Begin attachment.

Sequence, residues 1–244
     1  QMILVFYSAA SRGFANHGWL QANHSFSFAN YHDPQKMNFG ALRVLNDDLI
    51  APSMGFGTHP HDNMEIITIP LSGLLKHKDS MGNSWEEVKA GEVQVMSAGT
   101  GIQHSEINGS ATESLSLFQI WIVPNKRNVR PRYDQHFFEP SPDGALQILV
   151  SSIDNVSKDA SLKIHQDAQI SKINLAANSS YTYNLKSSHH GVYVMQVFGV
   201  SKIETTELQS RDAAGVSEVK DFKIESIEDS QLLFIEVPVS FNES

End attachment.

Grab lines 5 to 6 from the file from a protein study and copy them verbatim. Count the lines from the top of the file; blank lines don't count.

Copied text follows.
   151  SSIDNVSKDA SLKIHQDAQI SKINLAANSS YTYNLKSSHH GVYVMQVFGV
   201  SKIETTELQS RDAAGVSEVK DFKIESIEDS QLLFIEVPVS FNES